Masks with the names of the victims of the attack on Garissa University College are displayed during a memorial concert in downtown Nairobi on April 14, 2015
Nairobi (AFP) - All four gunmen from Somalia's Al-Qaeda linked Shebab who carried out the Kenyan university massacre earlier this month were Kenyans themselves, reports said Thursday.
The militants attacked the university in the northeastern town of Garissa on April 2, lining up non-Muslim students for execution and killing 148 people in what President Uhuru Kenyatta described as a "barbaric medieval slaughter".
The fact that all four are reported to be Kenyans highlights the Somali insurgents' ability to recruit within Kenya.
One of the four gunmen killed by Kenyan special forces who ended the day-long siege has already been named as Abdirahim Abdullahi, an ethnic Somali Kenyan national who was a top student and law graduate.
Kenya's Daily Nation newspaper, quoting unnamed intelligence reports, said the other three gunmen killed were also Kenyan and were believed to be from the port city of Mombasa and the far western district of Bungoma.
"Identities will be confirmed once their fingerprints are matched," the Nation said, citing intelligence officials.
There was no immediate response from Kenyan police to confirm the report.
A $215,000 (200,000 euro) bounty has also been offered for alleged Shebab commander Mohamed Mohamud, a former Kenyan teacher said to be the mastermind behind the attack.
The report comes amid concern at a string of measures Kenya has introduced to boost security that rights groups warn could harm innocent Somalis or hamper counter-terrorism efforts.
- Home grown militants -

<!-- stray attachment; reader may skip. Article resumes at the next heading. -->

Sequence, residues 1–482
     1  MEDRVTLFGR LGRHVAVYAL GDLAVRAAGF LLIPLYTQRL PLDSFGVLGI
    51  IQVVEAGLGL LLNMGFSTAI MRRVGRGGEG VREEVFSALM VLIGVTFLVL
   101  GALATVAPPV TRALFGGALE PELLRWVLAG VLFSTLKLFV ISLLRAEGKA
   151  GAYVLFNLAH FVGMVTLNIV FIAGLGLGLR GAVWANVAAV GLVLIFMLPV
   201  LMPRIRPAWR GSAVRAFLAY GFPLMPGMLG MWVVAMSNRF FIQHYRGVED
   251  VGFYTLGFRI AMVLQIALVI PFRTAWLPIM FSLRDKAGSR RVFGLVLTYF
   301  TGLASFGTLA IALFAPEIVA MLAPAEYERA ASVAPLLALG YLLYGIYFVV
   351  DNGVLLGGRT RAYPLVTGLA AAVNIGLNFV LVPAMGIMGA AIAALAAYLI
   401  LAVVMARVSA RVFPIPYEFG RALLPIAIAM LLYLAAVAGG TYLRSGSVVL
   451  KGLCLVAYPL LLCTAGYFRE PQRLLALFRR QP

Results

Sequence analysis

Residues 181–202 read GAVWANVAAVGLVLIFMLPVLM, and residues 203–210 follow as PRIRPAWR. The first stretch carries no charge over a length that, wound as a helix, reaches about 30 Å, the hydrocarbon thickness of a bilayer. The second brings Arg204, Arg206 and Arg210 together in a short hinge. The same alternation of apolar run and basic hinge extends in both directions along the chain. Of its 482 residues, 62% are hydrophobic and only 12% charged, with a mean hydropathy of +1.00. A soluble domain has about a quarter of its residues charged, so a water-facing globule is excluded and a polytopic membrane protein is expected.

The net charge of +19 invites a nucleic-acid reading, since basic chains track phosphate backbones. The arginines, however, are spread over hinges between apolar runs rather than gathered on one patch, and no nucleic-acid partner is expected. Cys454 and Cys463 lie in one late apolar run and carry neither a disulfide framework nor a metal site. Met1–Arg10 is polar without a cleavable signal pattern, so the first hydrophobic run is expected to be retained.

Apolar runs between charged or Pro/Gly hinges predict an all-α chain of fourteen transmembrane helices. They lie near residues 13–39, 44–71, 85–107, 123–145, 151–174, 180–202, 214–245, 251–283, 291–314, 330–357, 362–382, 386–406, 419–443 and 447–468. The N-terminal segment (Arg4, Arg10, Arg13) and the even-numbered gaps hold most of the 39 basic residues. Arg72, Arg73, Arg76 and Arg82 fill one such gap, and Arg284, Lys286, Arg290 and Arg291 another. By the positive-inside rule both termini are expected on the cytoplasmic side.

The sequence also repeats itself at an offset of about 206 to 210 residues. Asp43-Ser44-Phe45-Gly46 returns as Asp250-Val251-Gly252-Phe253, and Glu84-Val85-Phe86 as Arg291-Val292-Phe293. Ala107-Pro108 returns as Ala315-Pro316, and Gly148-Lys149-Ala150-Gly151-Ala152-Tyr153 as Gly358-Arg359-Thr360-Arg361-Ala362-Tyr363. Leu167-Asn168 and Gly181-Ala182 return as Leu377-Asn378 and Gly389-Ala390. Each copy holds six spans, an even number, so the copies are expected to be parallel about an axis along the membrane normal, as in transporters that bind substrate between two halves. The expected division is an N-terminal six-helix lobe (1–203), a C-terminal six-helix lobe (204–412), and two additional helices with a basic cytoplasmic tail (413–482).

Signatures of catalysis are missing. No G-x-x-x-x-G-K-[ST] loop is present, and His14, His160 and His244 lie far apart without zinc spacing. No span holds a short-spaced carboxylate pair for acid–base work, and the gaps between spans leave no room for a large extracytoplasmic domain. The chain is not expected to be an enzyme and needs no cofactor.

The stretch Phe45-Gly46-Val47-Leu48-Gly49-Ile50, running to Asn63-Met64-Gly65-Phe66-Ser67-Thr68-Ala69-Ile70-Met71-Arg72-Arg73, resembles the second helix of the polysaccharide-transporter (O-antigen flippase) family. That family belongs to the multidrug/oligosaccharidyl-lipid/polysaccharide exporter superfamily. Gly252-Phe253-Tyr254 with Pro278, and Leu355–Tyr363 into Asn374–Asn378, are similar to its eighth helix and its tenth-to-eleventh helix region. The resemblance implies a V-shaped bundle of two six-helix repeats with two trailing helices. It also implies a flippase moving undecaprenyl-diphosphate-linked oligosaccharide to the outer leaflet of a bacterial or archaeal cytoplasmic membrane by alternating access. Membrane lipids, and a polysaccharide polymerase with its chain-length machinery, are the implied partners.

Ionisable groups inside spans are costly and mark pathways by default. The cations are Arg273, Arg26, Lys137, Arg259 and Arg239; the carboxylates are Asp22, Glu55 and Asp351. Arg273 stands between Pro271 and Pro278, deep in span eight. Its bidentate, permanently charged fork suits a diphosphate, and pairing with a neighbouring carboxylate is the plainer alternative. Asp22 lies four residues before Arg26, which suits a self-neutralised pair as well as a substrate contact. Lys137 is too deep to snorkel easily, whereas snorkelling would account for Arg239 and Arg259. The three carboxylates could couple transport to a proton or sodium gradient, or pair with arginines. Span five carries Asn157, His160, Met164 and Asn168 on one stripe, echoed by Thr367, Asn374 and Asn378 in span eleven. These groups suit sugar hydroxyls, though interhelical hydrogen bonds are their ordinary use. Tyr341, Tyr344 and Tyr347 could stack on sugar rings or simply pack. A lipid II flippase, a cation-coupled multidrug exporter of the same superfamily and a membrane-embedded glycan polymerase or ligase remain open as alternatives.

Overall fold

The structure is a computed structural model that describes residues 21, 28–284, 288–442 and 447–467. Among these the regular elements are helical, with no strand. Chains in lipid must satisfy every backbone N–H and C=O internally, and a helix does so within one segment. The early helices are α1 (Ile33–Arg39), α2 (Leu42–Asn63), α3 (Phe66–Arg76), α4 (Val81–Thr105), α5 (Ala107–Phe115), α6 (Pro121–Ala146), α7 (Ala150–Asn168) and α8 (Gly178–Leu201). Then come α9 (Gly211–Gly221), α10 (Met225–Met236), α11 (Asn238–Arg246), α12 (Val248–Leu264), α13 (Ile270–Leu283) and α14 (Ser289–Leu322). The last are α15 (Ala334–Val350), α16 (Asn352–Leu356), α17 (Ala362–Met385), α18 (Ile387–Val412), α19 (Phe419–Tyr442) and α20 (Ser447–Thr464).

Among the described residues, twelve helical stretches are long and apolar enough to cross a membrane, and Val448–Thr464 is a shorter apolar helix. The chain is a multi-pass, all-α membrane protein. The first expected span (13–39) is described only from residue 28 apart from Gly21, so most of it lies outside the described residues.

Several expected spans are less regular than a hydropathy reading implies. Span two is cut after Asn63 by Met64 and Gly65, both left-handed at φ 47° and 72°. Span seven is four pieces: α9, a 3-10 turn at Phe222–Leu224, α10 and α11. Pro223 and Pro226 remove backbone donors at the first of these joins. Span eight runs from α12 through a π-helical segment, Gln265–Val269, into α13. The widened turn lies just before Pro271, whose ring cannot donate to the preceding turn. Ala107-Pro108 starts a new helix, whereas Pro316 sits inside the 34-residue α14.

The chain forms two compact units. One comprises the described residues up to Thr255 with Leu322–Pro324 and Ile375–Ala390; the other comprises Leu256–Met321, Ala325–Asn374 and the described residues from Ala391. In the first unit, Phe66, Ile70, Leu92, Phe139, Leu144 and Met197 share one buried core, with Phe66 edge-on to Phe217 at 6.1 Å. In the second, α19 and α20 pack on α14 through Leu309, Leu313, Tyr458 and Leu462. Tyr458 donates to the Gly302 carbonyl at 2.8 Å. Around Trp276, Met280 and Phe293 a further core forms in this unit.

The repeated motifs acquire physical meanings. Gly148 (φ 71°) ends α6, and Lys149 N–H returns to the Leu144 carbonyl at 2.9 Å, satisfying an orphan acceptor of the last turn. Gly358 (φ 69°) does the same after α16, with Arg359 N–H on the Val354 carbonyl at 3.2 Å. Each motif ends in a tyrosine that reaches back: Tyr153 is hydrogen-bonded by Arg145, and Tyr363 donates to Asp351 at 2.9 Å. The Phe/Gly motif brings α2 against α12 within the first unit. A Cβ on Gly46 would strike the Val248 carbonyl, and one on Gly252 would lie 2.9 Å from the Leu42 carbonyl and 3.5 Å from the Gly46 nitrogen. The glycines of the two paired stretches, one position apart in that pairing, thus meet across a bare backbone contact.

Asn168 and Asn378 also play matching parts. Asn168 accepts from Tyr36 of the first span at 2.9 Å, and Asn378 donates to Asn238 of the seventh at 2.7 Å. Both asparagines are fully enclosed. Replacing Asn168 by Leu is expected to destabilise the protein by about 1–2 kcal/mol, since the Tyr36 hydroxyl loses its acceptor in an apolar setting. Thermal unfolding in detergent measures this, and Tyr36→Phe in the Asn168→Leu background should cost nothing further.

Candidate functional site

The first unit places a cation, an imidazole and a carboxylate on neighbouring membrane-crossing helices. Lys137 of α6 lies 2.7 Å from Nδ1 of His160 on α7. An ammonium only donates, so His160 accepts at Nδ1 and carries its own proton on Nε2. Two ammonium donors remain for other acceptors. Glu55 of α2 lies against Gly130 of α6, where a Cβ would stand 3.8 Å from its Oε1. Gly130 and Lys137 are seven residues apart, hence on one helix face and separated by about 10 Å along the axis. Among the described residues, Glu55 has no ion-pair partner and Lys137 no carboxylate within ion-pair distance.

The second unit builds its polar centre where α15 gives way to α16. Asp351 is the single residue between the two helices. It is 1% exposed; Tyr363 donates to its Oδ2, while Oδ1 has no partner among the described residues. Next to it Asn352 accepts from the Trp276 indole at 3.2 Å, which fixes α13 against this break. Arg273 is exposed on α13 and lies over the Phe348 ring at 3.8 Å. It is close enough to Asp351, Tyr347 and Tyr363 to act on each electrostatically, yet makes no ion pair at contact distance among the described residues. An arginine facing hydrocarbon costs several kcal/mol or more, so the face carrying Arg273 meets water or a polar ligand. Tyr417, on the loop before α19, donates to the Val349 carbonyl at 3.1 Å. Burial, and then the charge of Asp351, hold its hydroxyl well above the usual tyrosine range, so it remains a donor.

Kenyan Vice-President William Ruto said last week that "the way America changed after 9/11 is the way Kenya will change after Garissa".
Measures include demands for the world's largest refugee camp complex at Dadaab to be shut and the repatriation of hundreds of thousands of Somalis by July, which the UN warns would have "extreme humanitarian and practical consequences" and would violate international law.
Other actions include the freezing of the money transfers that are a lifeline for many in Somalia, the suspension of two Muslim civil rights groups and a proposed 700-kilometre (435-mile) security fence between Kenya and Somalia.
After the attack, Kenyatta warned that the terrorists were "deeply embedded" inside Kenya, not just Somalia.
Kenyan youths this week began digging a ditch to kickstart construction of a security barrier along the vast and porous border with neighbouring Somalia, although critics have said the huge fence will be unfeasible.
The government has given no details of the construction, cost or how long it will take to complete the fence, which would separate Kenya's northeastern ethnic Somali region from Somalia itself.
Nairobi has also frozen key money transfer companies vital for impoverished Somalia, sparking warnings by aid agencies that the move will hit the poorest hardest.
It has also suspended two key Kenyan Muslim civil society organisations for suspected Shebab links, which rights groups say will damage efforts to counter extremism.
While the Shebab emerged as a Somali Islamist group in 2006 in Mogadishu, they have recruited across the wider region.
The group has carried out a string of revenge attacks in neighbouring countries, notably Kenya and Uganda, in response to their participation in the African Union force fighting them in Somalia.
Following the attack the Shebab warned of a "long, gruesome war" unless Nairobi withdraws its troops from Somalia, saying the gunmen carried out the Garissa attack in revenge for the "systematic persecution of the Muslims in Kenya".